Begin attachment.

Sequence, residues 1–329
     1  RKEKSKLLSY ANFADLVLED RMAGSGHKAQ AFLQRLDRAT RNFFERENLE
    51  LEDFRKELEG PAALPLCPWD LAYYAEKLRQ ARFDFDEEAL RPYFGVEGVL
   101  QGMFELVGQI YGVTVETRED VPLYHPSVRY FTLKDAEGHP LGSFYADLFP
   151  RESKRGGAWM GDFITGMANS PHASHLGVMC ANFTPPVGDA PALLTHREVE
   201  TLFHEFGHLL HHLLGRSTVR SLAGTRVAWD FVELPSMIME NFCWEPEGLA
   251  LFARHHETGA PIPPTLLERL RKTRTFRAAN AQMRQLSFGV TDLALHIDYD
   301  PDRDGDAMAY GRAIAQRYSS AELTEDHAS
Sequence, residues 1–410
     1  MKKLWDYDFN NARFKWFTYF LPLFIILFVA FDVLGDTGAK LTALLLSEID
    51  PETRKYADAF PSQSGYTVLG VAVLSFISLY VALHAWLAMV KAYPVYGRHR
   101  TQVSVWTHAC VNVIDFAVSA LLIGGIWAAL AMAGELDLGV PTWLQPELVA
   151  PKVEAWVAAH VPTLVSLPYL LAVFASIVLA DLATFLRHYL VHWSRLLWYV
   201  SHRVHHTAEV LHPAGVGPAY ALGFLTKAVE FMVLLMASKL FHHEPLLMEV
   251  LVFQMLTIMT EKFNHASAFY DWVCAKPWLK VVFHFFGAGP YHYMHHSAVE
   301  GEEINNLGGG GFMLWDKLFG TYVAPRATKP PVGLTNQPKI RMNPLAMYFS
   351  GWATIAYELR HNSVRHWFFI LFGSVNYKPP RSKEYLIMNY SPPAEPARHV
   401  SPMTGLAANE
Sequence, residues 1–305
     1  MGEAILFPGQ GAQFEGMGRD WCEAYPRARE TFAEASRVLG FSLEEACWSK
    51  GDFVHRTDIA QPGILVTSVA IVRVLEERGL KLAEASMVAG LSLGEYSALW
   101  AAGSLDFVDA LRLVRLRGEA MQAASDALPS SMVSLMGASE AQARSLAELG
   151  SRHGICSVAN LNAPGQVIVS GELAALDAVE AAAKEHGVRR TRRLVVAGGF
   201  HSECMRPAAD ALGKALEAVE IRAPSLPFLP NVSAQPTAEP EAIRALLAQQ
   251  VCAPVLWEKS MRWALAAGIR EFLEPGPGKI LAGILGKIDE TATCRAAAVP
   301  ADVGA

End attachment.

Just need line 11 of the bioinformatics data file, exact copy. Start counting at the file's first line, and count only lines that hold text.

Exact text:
    51  PETRKYADAF PSQSGYTVLG VAVLSFISLY VALHAWLAMV KAYPVYGRHR